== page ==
Stephen Chow’s new Journey to the West film fails to live up to its high anticipation
Published: Jan 28, 2017 05:33 PM
<em>Photo: CFP</em>

Photo: CFP

If Journey to the West: Conquering the Demons
had surprised audiences by breaking the boundaries of an over-adapted Chinese legend, four years later its sequel, Journey to the West: Demons Strike Back has become stuck in its own legend.  

Premiering among other three star-dubbed blockbusters on the first day of Chinese Lunar New Year (January 28), Demons Strike Back was highly anticipated both by industry insiders and ordinary filmgoers, nabbing the biggest box office returns at its midnight showing (5.53 million yuan), and was given the highest screen share (33.97 percent) on its opening day.  

The major reason behind people’s high expectations was the big success of 2013’s Conquering the Demons, which made 1.25 billion yuan on the Chinese mainland, becoming the box office champion of that year, nearly 50 million yuan more than runner-up Iron Man 3. 

Old vs new
One of the most well-known Chinese classics, the 16th century novel Journey to the West has been adapted a multitude of times, from stage plays, TV series to films. However, few recent adaptations were able to leave a deep and pleasant impression among the audiences – being repetitive and sticking to the same old-fashioned story are the biggest complaints. 

Though being criticized in parts as well, Conquering the Demons was overall received positively. It finally broke from the old stereotypes and opened a new angle to look at the ancient story: In most adaptations, Monkey, Pigsy and Sandy are portrayed as cute and good-looking characters, although they are also demons. The monk Xuanzang is a decent man with firm Buddhism convictions. But Conquering the Demons showed the evil and scary sides of the three disciples as well as the vulnerable side of the monk as a common human being.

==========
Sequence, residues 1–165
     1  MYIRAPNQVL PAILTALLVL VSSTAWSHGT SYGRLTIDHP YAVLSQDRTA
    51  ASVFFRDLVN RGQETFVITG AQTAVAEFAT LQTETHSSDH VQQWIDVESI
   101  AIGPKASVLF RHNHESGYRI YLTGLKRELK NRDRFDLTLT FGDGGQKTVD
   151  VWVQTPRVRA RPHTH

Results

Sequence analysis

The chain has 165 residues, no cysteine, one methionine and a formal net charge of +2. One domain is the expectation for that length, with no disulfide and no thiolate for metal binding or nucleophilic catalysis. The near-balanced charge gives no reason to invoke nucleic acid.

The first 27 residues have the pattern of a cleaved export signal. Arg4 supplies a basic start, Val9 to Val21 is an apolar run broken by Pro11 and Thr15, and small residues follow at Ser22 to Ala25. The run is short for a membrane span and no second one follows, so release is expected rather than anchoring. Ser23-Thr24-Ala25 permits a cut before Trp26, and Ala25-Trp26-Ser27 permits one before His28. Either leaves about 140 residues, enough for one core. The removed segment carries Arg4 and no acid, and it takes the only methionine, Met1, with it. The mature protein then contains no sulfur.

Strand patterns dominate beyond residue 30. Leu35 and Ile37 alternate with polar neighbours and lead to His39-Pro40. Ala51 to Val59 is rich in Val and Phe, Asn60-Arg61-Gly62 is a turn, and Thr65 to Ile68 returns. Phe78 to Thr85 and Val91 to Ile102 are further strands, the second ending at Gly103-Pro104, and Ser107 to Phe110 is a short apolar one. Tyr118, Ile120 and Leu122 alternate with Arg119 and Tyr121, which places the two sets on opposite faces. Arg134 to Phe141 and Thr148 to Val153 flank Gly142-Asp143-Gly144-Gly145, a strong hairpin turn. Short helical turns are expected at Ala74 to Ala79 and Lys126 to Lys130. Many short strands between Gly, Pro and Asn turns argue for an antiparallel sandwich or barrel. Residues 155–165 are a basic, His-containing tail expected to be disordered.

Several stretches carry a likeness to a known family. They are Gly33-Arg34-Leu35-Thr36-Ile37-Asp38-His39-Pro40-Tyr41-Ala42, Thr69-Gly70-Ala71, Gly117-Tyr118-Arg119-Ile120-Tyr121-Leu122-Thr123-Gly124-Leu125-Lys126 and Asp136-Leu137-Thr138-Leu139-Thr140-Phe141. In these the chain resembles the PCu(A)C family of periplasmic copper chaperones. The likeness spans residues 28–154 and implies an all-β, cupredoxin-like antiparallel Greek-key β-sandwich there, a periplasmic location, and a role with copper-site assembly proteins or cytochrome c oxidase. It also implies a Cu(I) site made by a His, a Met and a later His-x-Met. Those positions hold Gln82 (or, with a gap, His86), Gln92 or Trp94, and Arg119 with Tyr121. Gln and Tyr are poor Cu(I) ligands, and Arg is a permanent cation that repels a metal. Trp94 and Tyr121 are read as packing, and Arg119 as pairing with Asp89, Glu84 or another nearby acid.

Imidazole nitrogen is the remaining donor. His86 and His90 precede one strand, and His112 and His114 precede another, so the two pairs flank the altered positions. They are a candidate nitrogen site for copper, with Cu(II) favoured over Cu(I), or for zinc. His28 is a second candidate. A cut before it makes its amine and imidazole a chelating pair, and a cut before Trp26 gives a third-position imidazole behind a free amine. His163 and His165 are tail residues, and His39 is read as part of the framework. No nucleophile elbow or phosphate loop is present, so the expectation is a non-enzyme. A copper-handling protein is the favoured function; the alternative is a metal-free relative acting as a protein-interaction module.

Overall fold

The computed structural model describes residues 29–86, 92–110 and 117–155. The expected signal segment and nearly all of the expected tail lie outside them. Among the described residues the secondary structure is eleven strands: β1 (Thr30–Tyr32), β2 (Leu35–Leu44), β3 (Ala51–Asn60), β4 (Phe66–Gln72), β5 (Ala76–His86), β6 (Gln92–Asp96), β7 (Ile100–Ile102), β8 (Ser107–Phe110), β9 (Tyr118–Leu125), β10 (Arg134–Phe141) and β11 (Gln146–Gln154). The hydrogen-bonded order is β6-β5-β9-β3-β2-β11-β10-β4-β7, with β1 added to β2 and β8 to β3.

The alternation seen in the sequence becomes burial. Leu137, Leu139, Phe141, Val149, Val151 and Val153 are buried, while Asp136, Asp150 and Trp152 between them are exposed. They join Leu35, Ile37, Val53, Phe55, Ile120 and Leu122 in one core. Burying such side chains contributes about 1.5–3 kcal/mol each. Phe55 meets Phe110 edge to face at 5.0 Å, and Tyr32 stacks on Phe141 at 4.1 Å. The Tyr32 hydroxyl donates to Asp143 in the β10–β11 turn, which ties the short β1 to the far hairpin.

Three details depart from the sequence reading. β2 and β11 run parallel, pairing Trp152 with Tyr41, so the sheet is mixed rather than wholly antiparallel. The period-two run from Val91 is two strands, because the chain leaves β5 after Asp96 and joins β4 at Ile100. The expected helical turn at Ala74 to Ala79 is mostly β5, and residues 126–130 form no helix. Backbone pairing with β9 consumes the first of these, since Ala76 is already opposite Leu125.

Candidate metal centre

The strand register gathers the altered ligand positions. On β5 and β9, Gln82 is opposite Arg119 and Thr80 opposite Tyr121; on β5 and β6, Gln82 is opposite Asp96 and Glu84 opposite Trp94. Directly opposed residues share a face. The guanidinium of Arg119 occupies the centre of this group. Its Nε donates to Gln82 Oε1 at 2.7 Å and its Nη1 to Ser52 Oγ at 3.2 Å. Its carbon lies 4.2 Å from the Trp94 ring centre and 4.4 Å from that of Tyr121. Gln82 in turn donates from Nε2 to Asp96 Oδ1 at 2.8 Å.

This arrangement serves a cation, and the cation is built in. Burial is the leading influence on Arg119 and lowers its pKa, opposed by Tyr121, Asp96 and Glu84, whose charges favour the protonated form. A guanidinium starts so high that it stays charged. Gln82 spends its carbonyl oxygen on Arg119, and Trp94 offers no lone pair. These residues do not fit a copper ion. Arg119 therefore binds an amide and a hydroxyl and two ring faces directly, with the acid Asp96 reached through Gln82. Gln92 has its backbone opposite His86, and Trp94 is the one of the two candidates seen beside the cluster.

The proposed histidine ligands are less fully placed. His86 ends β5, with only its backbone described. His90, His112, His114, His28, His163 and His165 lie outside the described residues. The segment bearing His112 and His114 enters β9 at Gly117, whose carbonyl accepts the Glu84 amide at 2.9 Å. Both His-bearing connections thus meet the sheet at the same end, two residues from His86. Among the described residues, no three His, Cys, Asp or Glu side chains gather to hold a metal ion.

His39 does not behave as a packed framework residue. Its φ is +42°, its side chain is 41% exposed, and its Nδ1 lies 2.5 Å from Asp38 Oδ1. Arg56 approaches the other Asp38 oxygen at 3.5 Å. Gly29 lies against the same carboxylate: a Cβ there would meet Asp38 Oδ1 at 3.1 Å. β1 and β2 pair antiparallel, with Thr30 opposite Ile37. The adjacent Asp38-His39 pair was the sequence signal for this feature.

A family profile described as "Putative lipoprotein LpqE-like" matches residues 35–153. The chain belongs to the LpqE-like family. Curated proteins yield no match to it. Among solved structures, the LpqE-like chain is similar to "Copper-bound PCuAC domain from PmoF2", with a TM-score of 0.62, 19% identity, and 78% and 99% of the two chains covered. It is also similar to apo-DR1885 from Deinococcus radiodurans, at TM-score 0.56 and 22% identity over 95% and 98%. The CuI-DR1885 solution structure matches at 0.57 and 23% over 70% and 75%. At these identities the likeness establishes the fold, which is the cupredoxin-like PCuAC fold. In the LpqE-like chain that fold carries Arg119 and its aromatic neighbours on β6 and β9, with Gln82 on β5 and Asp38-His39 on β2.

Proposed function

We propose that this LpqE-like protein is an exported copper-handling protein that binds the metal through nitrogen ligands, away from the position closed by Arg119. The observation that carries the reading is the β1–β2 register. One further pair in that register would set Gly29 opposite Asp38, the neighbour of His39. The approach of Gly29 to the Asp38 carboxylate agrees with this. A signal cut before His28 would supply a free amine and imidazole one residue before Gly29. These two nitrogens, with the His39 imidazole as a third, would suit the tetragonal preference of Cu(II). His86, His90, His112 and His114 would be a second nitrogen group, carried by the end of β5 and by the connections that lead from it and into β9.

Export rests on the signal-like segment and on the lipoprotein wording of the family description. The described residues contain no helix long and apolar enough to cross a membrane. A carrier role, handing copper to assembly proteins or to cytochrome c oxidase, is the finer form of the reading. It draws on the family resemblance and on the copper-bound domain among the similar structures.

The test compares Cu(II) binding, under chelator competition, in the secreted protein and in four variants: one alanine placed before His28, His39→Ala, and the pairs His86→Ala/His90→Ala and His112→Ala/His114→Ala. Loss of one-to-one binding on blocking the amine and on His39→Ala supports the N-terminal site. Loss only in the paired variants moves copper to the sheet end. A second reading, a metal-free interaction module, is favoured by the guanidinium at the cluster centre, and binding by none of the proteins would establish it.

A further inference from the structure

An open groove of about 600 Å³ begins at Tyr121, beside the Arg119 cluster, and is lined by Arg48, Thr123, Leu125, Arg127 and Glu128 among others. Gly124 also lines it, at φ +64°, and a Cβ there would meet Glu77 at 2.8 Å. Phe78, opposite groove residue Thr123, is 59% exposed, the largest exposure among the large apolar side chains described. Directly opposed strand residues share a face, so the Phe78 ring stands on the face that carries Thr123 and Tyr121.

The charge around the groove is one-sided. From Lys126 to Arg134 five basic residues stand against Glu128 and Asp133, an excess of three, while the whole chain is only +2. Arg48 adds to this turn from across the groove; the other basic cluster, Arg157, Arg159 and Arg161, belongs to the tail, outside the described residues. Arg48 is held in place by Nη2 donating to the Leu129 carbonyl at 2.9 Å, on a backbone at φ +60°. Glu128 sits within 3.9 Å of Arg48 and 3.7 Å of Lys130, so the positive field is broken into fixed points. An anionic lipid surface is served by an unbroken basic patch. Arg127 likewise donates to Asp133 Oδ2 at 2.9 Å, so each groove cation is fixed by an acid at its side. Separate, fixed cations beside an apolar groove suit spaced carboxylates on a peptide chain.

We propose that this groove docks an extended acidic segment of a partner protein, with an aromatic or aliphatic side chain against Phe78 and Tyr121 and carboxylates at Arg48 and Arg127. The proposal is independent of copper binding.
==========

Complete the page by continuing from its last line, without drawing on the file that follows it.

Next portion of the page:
Despite inviting renowned Hong Kong director Hark Tsui to direct the sequel – Stephen Chow retaining a scriptwriter credit for the new film, although he was co-director of Conquering the Demons – the sequel does not show anything new, rather seeming stuck in the previous story. There are quite a lot of flashbacks that remind you this is a sequel though I believe a better follow-up should have as little crucial connection with earlier films on plot as possible to appeal to new audiences. 

Also while I admired the monk character in the former film, in which I, for the first time, saw a not deific saint but a man close to us who would sometimes seem silly, I could not convince myself to like the monk in Demons Strike Back. The figure was very much like an idler who cheats, abuses his disciples and there are no signs of his devout beliefs. 

One area in which the new film does stand out is its plot. For most Journey to the West adaptations, the four-person team only faces one opponent at a time and the villain is known to the audiences from the beginning. But this time, quite a few villains appear in the one film and it keeps the audiences wondering who is the “big boss.”

However, the constant scenes of meeting and battling demons make the film-watching experience a bit of a chore. It seems two-thirds of the 108-minute running time is fight scenes, with the high-octane action becoming a little exhausting.   

Last but not least, one reminder to the audiences who plan to watch the film with their kids: like the later work of Chow, Demons Strike Back contains a few scenes scary for young children and a few lines of sexual dialogue. Because there was no reminder from the producers or cinemas on that, I did meet some parents sitting in cinemas with children around 3 years old who said they were unprepared for the unpleasant scenes.